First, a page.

Study Examines Prevalence, Drivers of Racial Disparities in T2D Following Gestational Diabetes

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An analysis of data from more than 20,000 women in the New York City A1c registry details the prevalence of and drivers behind racial/ethnic disparities in the incidence of type 2 diabetes following gestational diabetes mellitus.

New research published in Obstetrics & Gynecology describes substantial population-based racial and ethnic inequities in type 2 diabetes after gestational diabetes mellitus.

Results of the study, which examined trends in type 2 diabetes prevalence following gestational diabetes mellitus among more than 22,000 women, suggest the 8-year incidence rate of type 2 diabetes in adjusted analyses was more than 3 times greater among Black and Hispanic women as compared to their White counterparts.1

“Very few studies have examined prenatal, social, or structural determinants of type 2 diabetes after GDM,” said Teresa Janevic, PhD, associate professor of Epidemiology at Columbia University Mailman School of Public Health.2 “Our study has several strengths. It is the largest cohort study to date on racial and ethnic disparities after GDM, allowing us to explore potential pathways to these disparities.”

Led by Janevic, along with colleagues from the Icahn School of Medicine at Mount Sinai and the University of Pennsylvania, the current study was launched with the intent of estimating racial and ethnic disparities in type 2 diabetes mellitus after gestational diabetes mellitus as well as investigating potential mediating factors, including baseline pregnancy clinical and social or structural characteristics. To do so, investigators designed their research endeavor as a retrospective cohort study leveraging linked registry records for all 2009–2011 New York City births with 2009–2017 A1c Registry data1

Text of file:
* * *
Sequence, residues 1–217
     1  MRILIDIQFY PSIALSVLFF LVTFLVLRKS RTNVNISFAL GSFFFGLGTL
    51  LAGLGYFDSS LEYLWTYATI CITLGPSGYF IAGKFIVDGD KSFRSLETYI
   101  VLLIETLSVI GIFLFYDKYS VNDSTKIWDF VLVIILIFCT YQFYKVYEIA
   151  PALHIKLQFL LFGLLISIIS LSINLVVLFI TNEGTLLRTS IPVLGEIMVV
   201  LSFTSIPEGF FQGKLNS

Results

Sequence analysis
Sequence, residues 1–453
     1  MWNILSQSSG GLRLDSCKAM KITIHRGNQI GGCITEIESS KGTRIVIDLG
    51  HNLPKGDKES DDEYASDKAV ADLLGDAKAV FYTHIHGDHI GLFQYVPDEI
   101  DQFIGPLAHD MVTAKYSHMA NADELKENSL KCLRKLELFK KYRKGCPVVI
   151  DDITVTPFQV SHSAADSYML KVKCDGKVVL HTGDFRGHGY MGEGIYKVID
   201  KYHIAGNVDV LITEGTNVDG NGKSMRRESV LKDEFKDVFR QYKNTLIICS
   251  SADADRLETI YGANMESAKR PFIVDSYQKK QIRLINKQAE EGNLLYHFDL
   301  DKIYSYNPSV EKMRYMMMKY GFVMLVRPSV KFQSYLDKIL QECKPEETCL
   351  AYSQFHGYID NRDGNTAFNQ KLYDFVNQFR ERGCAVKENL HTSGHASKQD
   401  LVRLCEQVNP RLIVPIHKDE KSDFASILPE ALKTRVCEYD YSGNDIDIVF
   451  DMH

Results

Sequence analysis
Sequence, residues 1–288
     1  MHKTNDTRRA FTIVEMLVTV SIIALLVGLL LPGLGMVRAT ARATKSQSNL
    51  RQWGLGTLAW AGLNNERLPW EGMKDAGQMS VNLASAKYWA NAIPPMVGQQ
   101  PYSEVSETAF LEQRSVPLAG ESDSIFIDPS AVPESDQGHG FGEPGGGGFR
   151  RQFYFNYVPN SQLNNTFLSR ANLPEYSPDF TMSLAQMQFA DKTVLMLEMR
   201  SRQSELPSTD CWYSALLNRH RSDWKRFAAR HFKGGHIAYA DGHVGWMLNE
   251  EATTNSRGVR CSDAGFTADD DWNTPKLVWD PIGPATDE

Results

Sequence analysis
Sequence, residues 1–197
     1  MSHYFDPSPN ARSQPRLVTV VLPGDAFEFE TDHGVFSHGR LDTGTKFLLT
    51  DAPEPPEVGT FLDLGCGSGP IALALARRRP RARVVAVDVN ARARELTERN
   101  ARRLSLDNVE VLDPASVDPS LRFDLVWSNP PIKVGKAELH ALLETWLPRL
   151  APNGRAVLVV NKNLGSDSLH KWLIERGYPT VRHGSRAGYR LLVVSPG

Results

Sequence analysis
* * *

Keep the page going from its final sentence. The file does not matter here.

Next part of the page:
Named the A1c in Pregnancy and Postpartum Linkage for Equity (APPLE) study, the 8-year retrospective cohort included 22,853 pregnancies in New York City. Of the 22,853 women included in the study, 20.5% were Black, 11.0% were East and Central Asian, 30.9% were Hispanic, 10.9% were South and Southeast Asian, and 18.5% were White.1

For the purpose of analysis, the primary outcome of interest was the prevalence of type 2 diabetes among different racial and ethnic subgroups. Investigators defined type 2 diabetes as having at least 2 HbA1c test results of 6.5% or greater. Investigators pointed out Cox proportional hazards models were used to estimate associations between race and ethnicity and 8-year type 2 diabetes incidence.1

Upon analysis, the cumulative incidence of type 2 diabetes was 11.7% among the entire study cohort by the end of the 8-year follow-up. The examining incidence rate by race and ethnicity, the greatest incidence was observed among Black individuals at 18.5% followed by 16.8% for South and Southeast Asian individuals, 14.6% for Hispanic individuals, 5.5% for East and Central Asian individuals, and 5.4% for White individuals. In analyses adjusted for age and nativity, an increased risk of type 2 diabetes incidence was observed for Black (adjusted Hazard Ratio [aHR], 4.0; 95% Confidence Interval [CI], 2.4-3.9), South and Southeast Asian (aHR, 3.3; 95% CI, 2.7-4.2), and Hispanic (aHR, 2.9; 95% CI, 2.4-3.3) individuals relative to their White counterparts.1

Further analysis indicated combined clinical and social or structural factors explained the largest percentage of the association between race and ethnicity on type 2 diabetes among (45.8%, 95% CI, 28.6-58.0) followed by Black (26.7%, 95% CI 11.5–32.5%) individuals. However, investigators noted these combined mediators only explained 14.1%(95% CI, 3.9-24.8) of the association among South and Southeast Asian individuals.1

“Our findings underscore the opportunity for GDM as an intervention point for life-course type 2 diabetes inequities and stress the importance of racial and ethnic disparities in GDM outcomes beyond the current pregnancy,” Janevic added.2 “We call for further work using multiple approaches – policy-level changes, along with clinical interventions targeting individuals, -- to counter structural racism and to eliminate disparities.”


Janevic T, McCarthy K, Liu SH, et al. Racial and Ethnic Inequities in Development of Type 2 Diabetes After Gestational Diabetes Mellitus [published online ahead of print, 2023 Sep 7]. Obstet Gynecol. 2023;10.1097/AOG.0000000000005324. doi:10.1097/AOG.0000000000005324

Columbia University Mailman School of Public Health. Study seeks to explain widespread inequality for developing diabetes mellitus following gestational diabetes. Columbia University Mailman School of Public Health. September 8, 2023. Accessed September 11, 2023.